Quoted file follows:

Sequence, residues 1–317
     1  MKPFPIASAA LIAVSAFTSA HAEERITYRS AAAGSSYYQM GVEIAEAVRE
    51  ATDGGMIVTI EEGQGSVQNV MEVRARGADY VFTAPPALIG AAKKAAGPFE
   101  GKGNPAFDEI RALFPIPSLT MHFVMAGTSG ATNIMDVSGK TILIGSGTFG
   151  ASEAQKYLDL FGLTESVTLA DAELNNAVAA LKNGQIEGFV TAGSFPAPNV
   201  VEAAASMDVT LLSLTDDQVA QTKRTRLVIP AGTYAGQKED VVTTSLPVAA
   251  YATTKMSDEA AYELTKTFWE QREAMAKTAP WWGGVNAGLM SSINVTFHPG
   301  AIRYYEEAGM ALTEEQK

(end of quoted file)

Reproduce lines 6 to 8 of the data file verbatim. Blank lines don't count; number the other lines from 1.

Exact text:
   201  VEAAASMDVT LLSLTDDQVA QTKRTRLVIP AGTYAGQKED VVTTSLPVAA
   251  YATTKMSDEA AYELTKTFWE QREAMAKTAP WWGGVNAGLM SSINVTFHPG
   301  AIRYYEEAGM ALTEEQK